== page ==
The name is based on a mistranslation.In Mexican Spanish, the prefix re is an informal form of emphasis meaning “very” or “well”, not to be confused with the English re and the most common use of the Spanish prefix re outside Mexico, which indicates repetition. Thus, frijoles refritos, the Mexican name of this dish, should translate to English as “well-fried beans”, not “refried beans”. However, this still does not explain the reference to frying in the name. In this dish, the beans are not fried. Indeed, beans are never fried, so the name is bizarre on any count. A sensible name in English for this dish would be “mashed beans.”

So our “sensible” cooking style will include very little oil as well, just enough to keep the beans from sticking to the pan as they are gently cooked with seasonings. As with so many of these basic, “ethnic,” dishes, the recipe proportions here are easily adjusted to suit your family’s own preferences. Oh, and if you just can’t get the time together to cook beans from scratch, you can still make refried beans from canned beans; just be sure to avoid adding any salt until you have tasted the mixture, as most canned beans are way too high in salt. (One more reason to make your own!)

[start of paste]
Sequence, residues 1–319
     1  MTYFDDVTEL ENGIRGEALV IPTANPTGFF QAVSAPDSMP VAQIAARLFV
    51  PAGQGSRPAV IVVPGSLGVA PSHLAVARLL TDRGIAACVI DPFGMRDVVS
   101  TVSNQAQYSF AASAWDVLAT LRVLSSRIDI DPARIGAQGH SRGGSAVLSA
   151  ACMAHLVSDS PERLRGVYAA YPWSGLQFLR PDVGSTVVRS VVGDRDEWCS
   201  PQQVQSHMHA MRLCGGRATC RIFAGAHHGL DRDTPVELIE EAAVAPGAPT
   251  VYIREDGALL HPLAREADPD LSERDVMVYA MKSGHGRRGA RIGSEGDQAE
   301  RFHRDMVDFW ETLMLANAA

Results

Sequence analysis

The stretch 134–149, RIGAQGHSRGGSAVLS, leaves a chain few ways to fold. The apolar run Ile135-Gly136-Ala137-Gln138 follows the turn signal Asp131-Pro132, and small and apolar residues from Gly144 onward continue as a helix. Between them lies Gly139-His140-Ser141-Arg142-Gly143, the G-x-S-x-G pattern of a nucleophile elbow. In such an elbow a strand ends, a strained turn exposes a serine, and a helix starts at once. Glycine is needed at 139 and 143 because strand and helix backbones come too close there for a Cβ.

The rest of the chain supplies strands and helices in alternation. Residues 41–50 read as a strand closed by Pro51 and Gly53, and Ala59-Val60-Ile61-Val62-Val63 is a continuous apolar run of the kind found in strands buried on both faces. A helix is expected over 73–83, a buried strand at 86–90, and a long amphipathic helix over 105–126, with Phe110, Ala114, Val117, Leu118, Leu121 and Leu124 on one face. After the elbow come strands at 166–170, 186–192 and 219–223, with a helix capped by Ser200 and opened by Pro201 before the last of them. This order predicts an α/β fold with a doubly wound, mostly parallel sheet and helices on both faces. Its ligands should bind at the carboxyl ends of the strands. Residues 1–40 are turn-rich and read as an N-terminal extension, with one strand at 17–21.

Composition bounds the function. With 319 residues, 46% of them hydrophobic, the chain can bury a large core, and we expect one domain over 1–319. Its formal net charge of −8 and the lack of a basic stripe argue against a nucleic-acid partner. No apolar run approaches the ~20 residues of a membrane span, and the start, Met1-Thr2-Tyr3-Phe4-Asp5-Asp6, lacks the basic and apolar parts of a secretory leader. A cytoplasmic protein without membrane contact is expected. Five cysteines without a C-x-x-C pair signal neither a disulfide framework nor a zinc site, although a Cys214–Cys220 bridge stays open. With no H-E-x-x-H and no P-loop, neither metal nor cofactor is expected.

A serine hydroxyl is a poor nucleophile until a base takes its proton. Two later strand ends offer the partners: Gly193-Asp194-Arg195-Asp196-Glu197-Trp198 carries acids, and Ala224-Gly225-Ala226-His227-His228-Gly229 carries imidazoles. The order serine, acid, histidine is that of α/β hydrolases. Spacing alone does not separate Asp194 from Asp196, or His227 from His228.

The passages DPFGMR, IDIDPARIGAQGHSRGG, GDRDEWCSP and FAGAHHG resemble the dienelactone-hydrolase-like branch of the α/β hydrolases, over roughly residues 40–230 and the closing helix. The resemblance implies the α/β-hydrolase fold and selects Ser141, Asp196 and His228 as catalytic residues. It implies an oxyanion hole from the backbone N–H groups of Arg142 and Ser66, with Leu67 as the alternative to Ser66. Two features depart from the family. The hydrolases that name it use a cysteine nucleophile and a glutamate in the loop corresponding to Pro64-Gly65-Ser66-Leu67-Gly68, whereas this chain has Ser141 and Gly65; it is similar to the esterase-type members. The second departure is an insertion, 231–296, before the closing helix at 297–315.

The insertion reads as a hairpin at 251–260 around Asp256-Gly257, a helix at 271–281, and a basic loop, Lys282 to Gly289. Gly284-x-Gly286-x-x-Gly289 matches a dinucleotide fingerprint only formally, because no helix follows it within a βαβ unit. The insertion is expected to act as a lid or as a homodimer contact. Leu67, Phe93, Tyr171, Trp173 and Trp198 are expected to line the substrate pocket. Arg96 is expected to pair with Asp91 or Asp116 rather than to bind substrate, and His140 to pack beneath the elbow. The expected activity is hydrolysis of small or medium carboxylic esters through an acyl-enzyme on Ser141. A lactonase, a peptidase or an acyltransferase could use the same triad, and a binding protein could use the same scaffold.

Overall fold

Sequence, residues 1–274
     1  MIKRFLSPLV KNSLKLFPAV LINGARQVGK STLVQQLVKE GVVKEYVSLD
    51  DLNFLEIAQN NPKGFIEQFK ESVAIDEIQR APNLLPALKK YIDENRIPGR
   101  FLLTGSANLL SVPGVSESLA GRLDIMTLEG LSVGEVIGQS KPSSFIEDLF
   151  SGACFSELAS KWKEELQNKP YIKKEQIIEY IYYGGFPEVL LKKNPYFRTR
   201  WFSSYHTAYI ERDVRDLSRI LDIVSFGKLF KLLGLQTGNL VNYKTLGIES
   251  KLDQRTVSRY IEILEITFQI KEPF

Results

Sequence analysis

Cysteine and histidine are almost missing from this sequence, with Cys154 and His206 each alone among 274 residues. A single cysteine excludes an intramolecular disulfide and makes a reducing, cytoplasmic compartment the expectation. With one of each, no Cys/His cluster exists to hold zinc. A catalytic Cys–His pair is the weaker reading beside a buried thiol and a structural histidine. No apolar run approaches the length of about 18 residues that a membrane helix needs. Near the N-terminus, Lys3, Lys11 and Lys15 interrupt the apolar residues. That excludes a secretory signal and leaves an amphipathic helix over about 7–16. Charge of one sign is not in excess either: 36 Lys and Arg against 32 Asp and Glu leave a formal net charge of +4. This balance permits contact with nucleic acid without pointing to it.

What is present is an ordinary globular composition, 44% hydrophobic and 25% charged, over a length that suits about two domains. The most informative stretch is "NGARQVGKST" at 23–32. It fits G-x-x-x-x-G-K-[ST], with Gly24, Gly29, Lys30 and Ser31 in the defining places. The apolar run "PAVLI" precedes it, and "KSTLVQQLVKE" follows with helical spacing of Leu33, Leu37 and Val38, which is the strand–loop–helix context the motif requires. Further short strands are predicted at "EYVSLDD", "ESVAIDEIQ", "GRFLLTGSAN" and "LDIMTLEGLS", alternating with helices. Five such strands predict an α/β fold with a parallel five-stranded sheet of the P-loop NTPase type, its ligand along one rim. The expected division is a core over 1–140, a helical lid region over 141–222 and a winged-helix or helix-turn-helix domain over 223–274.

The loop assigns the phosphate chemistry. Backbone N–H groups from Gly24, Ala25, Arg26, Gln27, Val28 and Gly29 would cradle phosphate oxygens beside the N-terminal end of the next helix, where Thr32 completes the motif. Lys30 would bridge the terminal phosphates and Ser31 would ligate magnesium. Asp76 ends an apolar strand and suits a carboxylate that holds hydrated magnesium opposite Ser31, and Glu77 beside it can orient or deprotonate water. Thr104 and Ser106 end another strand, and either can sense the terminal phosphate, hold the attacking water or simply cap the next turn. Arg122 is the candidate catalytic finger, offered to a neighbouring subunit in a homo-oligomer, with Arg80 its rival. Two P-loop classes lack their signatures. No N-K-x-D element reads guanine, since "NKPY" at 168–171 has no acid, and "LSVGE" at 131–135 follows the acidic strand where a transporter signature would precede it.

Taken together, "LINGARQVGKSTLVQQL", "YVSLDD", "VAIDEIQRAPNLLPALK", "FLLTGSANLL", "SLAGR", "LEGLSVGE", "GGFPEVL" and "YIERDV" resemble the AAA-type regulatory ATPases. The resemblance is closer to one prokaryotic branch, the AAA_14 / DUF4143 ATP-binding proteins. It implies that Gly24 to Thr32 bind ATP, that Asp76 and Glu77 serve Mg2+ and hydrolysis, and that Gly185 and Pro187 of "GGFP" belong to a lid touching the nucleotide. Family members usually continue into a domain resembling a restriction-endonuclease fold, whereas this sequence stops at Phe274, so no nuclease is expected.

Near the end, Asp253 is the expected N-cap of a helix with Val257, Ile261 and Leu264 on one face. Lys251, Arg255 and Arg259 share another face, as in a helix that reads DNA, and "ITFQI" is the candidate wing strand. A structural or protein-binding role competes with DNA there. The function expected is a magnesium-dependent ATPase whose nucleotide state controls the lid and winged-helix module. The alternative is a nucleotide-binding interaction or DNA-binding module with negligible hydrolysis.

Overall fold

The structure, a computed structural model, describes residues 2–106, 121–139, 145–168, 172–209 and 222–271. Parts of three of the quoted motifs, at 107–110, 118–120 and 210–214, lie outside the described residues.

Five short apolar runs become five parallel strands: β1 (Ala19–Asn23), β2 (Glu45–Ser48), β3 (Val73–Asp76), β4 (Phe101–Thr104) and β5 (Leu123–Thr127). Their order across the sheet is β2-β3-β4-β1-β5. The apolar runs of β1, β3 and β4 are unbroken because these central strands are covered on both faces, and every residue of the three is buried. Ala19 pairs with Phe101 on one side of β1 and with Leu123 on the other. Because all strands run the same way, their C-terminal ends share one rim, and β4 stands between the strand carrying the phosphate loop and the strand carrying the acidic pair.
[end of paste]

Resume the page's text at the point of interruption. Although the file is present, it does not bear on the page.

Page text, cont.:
Frijoles Refritos–mashed, not fried

1 T canola oil
1 large onion, chopped
1 4 oz can diced green chiles
2 to 3 cloves garlic, minced (OR 1 to 2 t garlic powder)

3 to 4 c cooked pinto beans, with liquid

2 t oregano (Mexican, if available)
2 t cumin
1 T cider or balsamic vinegar
1 to 2 T chili powder (optional)
1/3 c chopped cilantro, stems and leaves (optional)
salt to taste
Saute the onion in the canola oil until just starting to turn golden. Stir in the garlic, beans, oregano and cumin. Add enough of the bean liquid to make a rather runny mixture.

Using a potato masher, mash the beans while stirring over medium heat. Add the chiles, vinegar, and chili powder and continue stirring. Use a spatula to scrape the bottom of the pan–a little bit of crust formed at the bottom will add flavor to the mix, but you do not want the beans to burn on. Taste for seasoning and add salt as needed, along with additional bean liquid or water if the mixture becomes too thick. (These will thicken when cooled, so you want to be sure that they maintain the consistency of thin cooked oatmeal.) Add the cilantro near the end of cooking.

One of the challenges I had in this post was trying to come up with a picture that would be both appetizing and would show how the beans start to come together as you prepare them. Not sure I succeeded, but this is what the mashed, seasoned beans will start to look like.